• “The Terms and Conditions - PDF also include other measures to help prevent fraud and misuse of the funds. All recipients will be required to submit documents sufficient to ensure that these funds were used for healthcare-related expenses or lost revenue attributable to coronavirus. There will be significant anti-fraud and auditing work done by HHS, including the work of the Office of the Inspector General.”
    • NMRS Commentary: We underscore that the PDF Terms and Conditions contain significant record keeping and reporting requirements. Providers should prioritize compliance with these requirements, as HHS added the following statement to its webpage: “All recipients will be required to submit documents sufficient to ensure that these funds were used for healthcare-related expenses or lost revenue attributable to coronavirus.” This is a reminder that providers should keep records that comply with the PDF Terms and Conditions and other applicable laws and regulations. HHS updated the PDF Terms and Conditions on Thursday, April 23 to include the requirement that recipients submit general revenue data for calendar year 2018 when receiving payment from the $20 billion general distribution tranche. Additionally, updated Terms and Conditions indicate that there will be future program guidance directed to all recipients of monies regarding how, and in what form, to submit reports to the Secretary regarding compliance with Terms and Conditions.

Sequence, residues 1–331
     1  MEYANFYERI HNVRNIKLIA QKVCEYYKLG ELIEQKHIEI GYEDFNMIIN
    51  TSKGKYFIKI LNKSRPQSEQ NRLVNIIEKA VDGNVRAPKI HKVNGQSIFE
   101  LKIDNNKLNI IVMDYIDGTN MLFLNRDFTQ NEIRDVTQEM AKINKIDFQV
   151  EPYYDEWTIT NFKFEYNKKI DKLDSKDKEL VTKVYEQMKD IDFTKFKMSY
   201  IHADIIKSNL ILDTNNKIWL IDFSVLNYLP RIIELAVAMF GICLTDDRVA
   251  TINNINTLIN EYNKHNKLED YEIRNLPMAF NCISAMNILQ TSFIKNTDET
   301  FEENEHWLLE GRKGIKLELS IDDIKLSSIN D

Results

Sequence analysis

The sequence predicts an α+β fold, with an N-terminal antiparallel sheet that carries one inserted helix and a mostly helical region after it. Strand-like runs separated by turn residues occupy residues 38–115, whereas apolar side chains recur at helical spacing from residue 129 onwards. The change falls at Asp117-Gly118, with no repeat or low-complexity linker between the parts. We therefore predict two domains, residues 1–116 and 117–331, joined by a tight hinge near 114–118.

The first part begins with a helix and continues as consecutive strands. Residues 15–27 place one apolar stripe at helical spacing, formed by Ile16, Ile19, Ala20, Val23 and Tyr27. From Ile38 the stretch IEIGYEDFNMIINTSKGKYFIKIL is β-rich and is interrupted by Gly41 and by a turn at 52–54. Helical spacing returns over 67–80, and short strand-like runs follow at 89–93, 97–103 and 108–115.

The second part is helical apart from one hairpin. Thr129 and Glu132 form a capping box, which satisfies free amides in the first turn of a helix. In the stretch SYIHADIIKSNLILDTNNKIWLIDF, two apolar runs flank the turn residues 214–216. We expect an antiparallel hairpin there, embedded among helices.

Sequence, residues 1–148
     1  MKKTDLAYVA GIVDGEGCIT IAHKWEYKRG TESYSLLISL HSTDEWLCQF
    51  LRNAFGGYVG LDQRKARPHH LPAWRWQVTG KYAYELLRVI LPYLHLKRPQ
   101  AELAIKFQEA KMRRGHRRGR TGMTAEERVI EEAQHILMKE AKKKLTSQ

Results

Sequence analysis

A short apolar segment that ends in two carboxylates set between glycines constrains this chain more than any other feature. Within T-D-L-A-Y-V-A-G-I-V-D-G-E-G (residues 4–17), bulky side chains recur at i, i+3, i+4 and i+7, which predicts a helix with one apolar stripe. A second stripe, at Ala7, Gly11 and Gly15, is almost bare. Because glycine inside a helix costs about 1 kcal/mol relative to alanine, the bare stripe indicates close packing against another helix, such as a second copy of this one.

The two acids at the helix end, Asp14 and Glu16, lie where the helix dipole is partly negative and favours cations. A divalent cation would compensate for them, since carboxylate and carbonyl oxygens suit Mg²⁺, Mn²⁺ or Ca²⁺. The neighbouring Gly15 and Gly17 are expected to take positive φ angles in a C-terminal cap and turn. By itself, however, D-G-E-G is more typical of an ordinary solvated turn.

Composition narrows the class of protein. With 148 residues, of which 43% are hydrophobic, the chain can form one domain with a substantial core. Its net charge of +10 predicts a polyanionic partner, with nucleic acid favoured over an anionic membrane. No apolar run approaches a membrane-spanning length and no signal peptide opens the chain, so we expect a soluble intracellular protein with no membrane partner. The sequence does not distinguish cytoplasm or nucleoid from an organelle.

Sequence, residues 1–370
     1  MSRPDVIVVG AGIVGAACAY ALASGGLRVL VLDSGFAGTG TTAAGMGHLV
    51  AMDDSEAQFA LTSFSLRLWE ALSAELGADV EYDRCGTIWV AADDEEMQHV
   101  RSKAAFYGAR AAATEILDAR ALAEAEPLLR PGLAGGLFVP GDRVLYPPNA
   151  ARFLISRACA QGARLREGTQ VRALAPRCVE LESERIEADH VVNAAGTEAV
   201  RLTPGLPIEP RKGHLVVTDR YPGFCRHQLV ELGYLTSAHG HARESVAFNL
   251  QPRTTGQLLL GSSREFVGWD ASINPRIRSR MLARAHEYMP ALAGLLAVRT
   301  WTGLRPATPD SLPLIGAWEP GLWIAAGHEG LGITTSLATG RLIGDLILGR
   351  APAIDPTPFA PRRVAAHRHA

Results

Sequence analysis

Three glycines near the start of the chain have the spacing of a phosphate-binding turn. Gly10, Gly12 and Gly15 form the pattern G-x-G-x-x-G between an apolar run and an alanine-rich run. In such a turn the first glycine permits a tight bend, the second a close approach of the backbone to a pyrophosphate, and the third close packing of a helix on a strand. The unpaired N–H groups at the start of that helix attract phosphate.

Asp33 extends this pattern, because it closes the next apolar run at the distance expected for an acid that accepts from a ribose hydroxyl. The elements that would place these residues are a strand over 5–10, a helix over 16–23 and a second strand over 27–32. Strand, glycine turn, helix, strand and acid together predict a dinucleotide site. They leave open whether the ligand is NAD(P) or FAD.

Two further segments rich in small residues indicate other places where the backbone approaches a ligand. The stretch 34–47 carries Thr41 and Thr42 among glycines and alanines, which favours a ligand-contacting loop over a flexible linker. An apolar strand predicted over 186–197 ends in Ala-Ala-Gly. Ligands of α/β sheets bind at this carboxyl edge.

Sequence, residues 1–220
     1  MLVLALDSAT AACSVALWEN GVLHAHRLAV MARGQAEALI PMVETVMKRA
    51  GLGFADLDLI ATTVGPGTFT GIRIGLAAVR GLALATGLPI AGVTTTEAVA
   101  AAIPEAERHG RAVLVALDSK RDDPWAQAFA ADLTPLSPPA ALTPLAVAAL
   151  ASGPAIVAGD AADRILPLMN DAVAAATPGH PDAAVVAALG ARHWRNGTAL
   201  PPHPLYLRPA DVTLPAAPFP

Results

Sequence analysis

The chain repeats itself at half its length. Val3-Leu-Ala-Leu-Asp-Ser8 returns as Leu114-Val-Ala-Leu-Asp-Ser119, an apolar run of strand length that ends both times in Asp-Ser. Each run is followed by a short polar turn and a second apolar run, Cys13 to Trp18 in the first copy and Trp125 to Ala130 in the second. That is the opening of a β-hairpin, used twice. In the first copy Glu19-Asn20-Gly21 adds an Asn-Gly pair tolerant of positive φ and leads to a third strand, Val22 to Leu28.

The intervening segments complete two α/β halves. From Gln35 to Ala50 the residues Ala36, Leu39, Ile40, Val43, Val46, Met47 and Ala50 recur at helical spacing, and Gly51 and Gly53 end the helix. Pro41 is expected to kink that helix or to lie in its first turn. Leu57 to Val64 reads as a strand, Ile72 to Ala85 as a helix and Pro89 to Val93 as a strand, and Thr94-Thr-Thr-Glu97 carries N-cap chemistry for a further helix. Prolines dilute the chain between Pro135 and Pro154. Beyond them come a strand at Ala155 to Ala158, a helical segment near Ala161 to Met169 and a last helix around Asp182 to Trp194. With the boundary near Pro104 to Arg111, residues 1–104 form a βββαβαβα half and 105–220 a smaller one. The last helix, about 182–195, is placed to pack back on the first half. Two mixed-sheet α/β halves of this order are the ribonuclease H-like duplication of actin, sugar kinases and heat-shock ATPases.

HHS has also published statements regarding the significant enforcement work surrounding the issuance of these monies. The following statement was added to the Provider Relief Fund webpage on Wednesday, April 22: “There will be significant anti-fraud and auditing work done by HHS, including the work of the Office of the Inspector General.” Further, the Terms and Conditions were updated on Thursday, April 23 to indicate that “any deliberate omission, misrepresentation, or falsification of any information contained in this Payment application or future reports may be punishable by criminal, civil, or administrative penalties, including but not limited to revocation of Medicare billing privileges, exclusion from federal health care programs, and/or the imposition of fines, civil damages, and/or imprisonment.” We are likely to see more guidance regarding enforcement in the coming days and weeks.

  • “President Trump is committed to ending surprise bills for patients. As part of this commitment, as a condition to receiving these funds, providers must agree not to seek collection of out-of-pocket payments from a presumptive or actual COVID-19 patient that are greater than what the patient would have otherwise been required to pay if the care had been provided by an in-network provider.”
    • NMRS Commentary: This condition is also included in the Terms and Conditions PDF and attaches to monies providers received in the initial $30 billion disbursement.

2. Targeted Allocation for Hot Spots

$10 billion will be allocated for a targeted distribution to hospitals in areas that have been particularly impacted by the COVID-19 outbreak. As an example, hospitals serving COVID-19 patients in New York, which has a high percentage of total confirmed COVID-19 cases, are expected to receive a large share of the funds.